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Lead into corners with upperbody?

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I don't suck that bad but I struggle with a feeling my front is always about to wash out, especially on flat stuff. I also really struggle keeping the bike leaned when I'm getting tired. First moto I'm flying and by my last moto it feels like I just have poor control in corners. Always standing it up.-

 

I believe I have good body position by pictures of me riding, up on the tank, good elbows, but I think I've more or less not been leaning my upper body enough into corners. I'm not lining up with the bikes lean. Therefore fighting and pushing the bike down and once in tired it makes it really unreliable and inconsistent.

 

So in the field today working on figure eights after watching Gary's videos and reading a bunch about corners and having same feelings as normal but then decided I'm going to kind of hang/lean to the inside with my upper body and see what happened. Think more like a GP racer on a road track. In real life I am guessing that I was probably just now getting leaned with the bike but it felt like I was really leading the lean with my top half(butt was in same spot on the seat. Not like I was actually hanging off the inside.) The difference was pretty crazy. Instead of fighting to push the bike down i was able to kind of hold the bike down with my legs. I actually felt the way they talk about squeezing and feeling the bike with my legs during the turn. Pretty significant change in the feel at the bars because I was loose with my hands for once. Weight was still on the pegs and I was able to lean much further and the front wheel felt much more planted. Also felt much more in control accelerating it off the turn. I guess it's just hard to put pressure on the bike in a turn if you are sitting to upright compared to the bikes lean? Also it will make the front will want to squirt out?

 

Question is does this sound plausible and correct? The leaning, leading with upper body into the turn early? Leaning with the upper body making it easier to hold the bike with my legs?

 

Sure felt like a break through. Can't wait to go to the track

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Got to take this to the track a couple times. It's a big help to think of it this way for me. Still not comfortable with trusting the lean every time, but when I do it's much faster and easier.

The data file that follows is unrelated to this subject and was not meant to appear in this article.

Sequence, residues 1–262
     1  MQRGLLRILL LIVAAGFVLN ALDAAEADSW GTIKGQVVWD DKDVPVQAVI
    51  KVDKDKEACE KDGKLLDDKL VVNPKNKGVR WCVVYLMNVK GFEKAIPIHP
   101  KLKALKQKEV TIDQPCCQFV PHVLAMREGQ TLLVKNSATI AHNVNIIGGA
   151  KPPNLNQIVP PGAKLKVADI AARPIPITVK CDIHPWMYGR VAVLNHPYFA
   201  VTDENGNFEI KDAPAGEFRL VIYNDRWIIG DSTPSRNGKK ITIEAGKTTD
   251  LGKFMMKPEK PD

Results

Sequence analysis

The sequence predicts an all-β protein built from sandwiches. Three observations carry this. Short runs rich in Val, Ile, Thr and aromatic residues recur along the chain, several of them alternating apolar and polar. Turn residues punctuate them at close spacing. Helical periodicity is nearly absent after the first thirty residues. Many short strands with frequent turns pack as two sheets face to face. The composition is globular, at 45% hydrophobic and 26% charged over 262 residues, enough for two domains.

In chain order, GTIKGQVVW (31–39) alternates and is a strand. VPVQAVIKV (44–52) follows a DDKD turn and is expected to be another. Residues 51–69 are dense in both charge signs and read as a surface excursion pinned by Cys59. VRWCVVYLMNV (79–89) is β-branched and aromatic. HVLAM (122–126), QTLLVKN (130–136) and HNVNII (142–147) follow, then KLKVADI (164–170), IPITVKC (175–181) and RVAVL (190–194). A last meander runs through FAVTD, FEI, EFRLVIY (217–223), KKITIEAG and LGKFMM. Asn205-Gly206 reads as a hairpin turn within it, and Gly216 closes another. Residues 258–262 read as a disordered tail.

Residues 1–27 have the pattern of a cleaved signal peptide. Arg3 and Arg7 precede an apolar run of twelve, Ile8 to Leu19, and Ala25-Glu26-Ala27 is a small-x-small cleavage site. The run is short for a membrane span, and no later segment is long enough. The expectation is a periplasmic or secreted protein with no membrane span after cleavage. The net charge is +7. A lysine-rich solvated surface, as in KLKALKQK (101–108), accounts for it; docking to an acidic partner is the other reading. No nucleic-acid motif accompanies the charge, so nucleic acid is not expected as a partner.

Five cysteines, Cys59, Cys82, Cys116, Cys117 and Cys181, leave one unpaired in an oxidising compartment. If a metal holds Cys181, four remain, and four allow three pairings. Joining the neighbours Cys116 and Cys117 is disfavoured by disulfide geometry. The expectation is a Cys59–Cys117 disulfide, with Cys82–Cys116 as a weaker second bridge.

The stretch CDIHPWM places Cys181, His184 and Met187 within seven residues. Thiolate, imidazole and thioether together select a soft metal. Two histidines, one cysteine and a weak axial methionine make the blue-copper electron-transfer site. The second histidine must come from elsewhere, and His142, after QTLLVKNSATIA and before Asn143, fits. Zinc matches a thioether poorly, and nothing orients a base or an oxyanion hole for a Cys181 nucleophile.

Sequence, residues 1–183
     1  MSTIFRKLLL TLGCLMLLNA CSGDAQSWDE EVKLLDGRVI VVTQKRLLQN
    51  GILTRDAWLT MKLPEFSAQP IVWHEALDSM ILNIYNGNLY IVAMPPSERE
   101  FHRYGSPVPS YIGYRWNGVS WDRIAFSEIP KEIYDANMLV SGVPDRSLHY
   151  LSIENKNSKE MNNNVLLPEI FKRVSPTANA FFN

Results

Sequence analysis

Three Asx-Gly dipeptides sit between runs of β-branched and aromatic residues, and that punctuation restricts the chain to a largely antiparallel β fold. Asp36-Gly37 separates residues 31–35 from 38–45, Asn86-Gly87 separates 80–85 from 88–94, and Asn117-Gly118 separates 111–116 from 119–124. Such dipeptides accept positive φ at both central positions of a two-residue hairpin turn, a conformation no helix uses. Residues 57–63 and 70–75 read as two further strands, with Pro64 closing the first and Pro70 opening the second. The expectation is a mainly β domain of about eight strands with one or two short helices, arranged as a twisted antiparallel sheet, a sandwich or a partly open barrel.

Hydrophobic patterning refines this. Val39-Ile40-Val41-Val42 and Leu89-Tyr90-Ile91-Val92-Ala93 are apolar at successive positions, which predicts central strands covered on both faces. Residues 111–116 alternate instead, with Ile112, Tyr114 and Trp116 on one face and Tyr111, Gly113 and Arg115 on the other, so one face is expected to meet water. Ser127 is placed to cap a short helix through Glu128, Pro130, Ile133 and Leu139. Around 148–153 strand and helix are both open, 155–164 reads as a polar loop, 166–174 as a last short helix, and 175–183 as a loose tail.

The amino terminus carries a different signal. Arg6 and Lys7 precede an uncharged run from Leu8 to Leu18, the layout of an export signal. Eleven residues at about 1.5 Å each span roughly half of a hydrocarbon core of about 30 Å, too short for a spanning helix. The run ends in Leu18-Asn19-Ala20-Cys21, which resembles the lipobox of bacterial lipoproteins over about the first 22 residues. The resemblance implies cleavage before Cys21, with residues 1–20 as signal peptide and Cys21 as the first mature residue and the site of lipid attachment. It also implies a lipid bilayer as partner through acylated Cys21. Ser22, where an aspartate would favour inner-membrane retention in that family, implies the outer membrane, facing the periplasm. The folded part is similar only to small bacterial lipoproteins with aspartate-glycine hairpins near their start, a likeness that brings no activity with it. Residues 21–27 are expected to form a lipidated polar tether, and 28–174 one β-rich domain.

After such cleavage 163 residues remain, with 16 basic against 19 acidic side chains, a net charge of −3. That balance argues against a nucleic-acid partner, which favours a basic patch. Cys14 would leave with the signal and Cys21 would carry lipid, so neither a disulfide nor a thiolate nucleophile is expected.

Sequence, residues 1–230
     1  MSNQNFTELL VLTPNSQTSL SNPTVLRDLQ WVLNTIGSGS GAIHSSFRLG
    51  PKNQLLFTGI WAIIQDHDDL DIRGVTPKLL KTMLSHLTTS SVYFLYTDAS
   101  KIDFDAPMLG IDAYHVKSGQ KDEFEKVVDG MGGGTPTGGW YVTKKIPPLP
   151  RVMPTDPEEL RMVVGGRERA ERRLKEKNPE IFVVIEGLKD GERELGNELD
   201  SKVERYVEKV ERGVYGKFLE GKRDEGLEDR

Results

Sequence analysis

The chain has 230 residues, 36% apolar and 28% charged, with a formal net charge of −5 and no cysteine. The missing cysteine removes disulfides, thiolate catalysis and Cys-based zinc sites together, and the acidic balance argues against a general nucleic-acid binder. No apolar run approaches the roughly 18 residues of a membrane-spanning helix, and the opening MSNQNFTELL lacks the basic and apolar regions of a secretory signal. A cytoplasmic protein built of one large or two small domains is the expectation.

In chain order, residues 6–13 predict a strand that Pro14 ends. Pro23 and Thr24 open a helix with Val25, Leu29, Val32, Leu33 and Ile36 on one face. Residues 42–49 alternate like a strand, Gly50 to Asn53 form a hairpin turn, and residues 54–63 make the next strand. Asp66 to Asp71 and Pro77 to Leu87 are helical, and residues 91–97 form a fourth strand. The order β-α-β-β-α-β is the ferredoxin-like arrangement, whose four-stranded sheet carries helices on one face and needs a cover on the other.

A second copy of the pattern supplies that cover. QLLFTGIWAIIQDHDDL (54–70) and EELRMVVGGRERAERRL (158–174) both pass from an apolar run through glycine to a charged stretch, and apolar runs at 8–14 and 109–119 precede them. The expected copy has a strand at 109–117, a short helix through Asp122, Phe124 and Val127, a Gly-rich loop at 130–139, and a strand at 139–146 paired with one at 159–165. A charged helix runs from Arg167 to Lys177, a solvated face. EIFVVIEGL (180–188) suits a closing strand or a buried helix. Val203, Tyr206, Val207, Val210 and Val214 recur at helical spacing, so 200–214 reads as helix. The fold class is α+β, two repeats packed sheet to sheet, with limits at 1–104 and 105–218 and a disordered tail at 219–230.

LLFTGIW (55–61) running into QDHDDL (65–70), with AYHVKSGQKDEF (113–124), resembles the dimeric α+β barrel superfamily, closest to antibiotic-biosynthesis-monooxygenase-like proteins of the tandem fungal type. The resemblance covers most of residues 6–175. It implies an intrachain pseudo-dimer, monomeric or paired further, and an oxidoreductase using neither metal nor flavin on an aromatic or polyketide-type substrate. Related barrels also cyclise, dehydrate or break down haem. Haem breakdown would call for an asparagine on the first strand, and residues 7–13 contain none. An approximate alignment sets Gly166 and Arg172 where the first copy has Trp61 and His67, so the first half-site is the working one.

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This is a good thread. I was suprised you didn't get any bites. I know when I get tired I start having the same problem. I stop leading with my lean and the bike starts standing up. Most of my tracks get rutted so the front washing isn't an issue. On flat corners I would look at where you transition from standing to sitting if your having issues with the front washing. Smooth braking and throttle transition with minimal coasting. I'd try to isolate where and when it's washing and adjust accordingly.

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I guess there's not a ton of new info here, just saying it differently. It's really just trust I lack. I don't like hitting the dirt. My son rips, but he's s dirt magnet. We weigh him before he rides and pay the tracks by how much dirt he takes from the track. I bail and will drop a bike in a heartbeat.

 

You are right about braking and throttle control. I am working on that every time I go to the track. I brake to early, coast, and I know that the coasting is where I lack/lose control. Been trying to cut that down to just brakes then gas, no coasting, and it helps. Just feels scary coming in hotter to the corner but it's getting better. That's in Gary's videos too.

 

All in all am progressing without crashing, which is the goal for a guy that has to work Monday.

 

Edited by gduck24

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Faster you go the more you can lean👍 and won't fall over if you keep that speed threw corner. But if your riding with bunch of novice riders the corners won't be suitable for leaning.  Practice on corners that fast riders made the rut will be at steeper angle.  

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The less I use the front brake through the turn the better. I do all my braking before the turn the coast while I start the lean. Then when I am leaned over is when I will use throttle to keep the lean from going over too far

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